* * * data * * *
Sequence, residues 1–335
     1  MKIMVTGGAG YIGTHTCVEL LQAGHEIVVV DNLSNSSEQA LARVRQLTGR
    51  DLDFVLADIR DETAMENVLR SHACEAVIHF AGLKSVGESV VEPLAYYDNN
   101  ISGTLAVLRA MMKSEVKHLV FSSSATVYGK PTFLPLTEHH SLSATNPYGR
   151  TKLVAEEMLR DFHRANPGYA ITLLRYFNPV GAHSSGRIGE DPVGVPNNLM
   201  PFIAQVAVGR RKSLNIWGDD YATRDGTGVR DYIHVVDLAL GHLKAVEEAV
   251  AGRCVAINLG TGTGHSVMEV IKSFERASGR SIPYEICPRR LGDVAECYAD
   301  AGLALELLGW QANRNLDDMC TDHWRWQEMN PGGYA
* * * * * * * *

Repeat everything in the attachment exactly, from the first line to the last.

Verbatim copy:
Sequence, residues 1–335
     1  MKIMVTGGAG YIGTHTCVEL LQAGHEIVVV DNLSNSSEQA LARVRQLTGR
    51  DLDFVLADIR DETAMENVLR SHACEAVIHF AGLKSVGESV VEPLAYYDNN
   101  ISGTLAVLRA MMKSEVKHLV FSSSATVYGK PTFLPLTEHH SLSATNPYGR
   151  TKLVAEEMLR DFHRANPGYA ITLLRYFNPV GAHSSGRIGE DPVGVPNNLM
   201  PFIAQVAVGR RKSLNIWGDD YATRDGTGVR DYIHVVDLAL GHLKAVEEAV
   251  AGRCVAINLG TGTGHSVMEV IKSFERASGR SIPYEICPRR LGDVAECYAD
   301  AGLALELLGW QANRNLDDMC TDHWRWQEMN PGGYA